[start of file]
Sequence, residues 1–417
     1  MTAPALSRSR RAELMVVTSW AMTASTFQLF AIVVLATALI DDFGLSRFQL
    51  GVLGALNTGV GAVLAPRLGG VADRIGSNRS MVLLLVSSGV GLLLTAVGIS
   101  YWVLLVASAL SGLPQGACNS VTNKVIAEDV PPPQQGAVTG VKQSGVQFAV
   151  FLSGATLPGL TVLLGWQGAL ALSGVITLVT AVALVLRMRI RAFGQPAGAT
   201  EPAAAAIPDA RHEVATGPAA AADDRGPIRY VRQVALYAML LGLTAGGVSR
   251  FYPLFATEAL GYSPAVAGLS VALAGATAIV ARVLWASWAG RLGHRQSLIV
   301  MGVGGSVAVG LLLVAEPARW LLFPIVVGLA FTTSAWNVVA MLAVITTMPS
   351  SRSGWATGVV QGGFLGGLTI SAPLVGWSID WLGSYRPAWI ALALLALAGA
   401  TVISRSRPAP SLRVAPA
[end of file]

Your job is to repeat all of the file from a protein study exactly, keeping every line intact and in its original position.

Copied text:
Sequence, residues 1–417
     1  MTAPALSRSR RAELMVVTSW AMTASTFQLF AIVVLATALI DDFGLSRFQL
    51  GVLGALNTGV GAVLAPRLGG VADRIGSNRS MVLLLVSSGV GLLLTAVGIS
   101  YWVLLVASAL SGLPQGACNS VTNKVIAEDV PPPQQGAVTG VKQSGVQFAV
   151  FLSGATLPGL TVLLGWQGAL ALSGVITLVT AVALVLRMRI RAFGQPAGAT
   201  EPAAAAIPDA RHEVATGPAA AADDRGPIRY VRQVALYAML LGLTAGGVSR
   251  FYPLFATEAL GYSPAVAGLS VALAGATAIV ARVLWASWAG RLGHRQSLIV
   301  MGVGGSVAVG LLLVAEPARW LLFPIVVGLA FTTSAWNVVA MLAVITTMPS
   351  SRSGWATGVV QGGFLGGLTI SAPLVGWSID WLGSYRPAWI ALALLALAGA
   401  TVISRSRPAP SLRVAPA